Design and impact of the national workshop for early career geoscience faculty

Rachel J. Beane, Bowdoin College
Ellen R. Altermatt, Carleton College, USA
Ellen R. Iverson, Carleton College, USA
R. Heather Macdonald, William & Mary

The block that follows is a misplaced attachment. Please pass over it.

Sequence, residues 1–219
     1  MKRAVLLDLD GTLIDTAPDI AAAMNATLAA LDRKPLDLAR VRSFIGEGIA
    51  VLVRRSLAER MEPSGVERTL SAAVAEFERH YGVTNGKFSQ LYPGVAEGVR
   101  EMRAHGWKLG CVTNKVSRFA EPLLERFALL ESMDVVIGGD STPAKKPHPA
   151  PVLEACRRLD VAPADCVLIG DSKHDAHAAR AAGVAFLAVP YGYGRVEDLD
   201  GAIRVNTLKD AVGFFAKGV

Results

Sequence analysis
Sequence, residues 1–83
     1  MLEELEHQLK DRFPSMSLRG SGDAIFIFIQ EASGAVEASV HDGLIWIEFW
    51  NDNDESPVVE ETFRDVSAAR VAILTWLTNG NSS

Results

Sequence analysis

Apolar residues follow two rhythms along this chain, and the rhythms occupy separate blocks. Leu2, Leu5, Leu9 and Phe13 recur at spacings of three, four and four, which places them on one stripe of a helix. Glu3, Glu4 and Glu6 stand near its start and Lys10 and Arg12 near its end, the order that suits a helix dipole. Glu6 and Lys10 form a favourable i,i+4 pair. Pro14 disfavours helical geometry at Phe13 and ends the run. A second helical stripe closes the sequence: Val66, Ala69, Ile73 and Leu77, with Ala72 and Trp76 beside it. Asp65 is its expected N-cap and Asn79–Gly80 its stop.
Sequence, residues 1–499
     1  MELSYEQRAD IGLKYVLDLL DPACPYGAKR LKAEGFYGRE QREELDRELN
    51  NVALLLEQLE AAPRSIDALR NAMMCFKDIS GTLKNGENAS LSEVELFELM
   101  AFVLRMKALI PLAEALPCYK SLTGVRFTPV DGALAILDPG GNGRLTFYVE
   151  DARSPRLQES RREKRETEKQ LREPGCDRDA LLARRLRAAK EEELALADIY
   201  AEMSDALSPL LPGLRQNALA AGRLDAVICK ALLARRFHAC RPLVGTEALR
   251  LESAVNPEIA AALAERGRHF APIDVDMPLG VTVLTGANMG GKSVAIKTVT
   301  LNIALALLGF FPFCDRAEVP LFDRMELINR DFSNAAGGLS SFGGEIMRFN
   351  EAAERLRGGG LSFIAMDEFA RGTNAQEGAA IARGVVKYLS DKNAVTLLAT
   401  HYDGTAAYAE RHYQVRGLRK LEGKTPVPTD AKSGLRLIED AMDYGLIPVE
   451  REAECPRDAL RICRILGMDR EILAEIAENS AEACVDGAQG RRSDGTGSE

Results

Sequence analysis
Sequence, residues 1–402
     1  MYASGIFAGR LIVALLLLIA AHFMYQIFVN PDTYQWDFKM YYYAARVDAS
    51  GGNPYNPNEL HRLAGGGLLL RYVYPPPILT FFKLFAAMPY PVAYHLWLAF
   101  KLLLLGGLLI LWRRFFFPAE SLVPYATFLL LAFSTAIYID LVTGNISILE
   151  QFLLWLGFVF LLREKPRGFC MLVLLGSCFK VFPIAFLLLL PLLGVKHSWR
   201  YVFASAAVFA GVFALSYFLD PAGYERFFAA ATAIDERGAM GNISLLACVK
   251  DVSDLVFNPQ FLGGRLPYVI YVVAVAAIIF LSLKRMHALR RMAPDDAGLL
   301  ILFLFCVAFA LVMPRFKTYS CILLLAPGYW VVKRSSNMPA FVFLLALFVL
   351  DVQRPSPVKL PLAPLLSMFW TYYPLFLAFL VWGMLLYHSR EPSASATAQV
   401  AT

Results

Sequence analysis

The National Association of Geoscience Teachers’ Workshop for Early Career Geoscience Faculty: Teaching, Research, and Managing One’s Career has been offered annually since 1999. The five-day workshop with accompanying web resources employs a “whole faculty” approach to support geoscience faculty members during their transition into academic careers. More than 1,000 faculty members (53% female, 47% male) have attended the national workshop; 52% from doctoral-granting institutions, 15% master’s, 28% bachelor’s, and 5% associates. Evidence-based instructional practices are shared and modeled during workshop sessions. Situated learning theory grounds the workshop design and promotes the development of a community of practice. Examination of the 2016 National Geoscience Faculty Survey data using univariate analyses of covariance (ANCOVAs) showed that workshop alumni report spending more class time on student activities, questions, and discussion than faculty members who did not participate in the workshop, particularly on small group discussions or think-pair-share and in-class exercises (for introductory courses p <.05; for majors courses p <.001). Workshop alumni also were more likely than faculty who did not participate to report feeling part of a geoscience community that shares their goals, philosophy, and values for geoscience education (p <.01), more likely to report that interactions with this community help them to become better educators (p <.001), and more likely to attend talks on teaching methods or science education (p <.001). Although causality cannot be established without random assignment, these findings are consistent with the hypothesis that this discipline-based workshop with its holistic approach is effective at promoting evidence-based teaching strategies and a community of practice.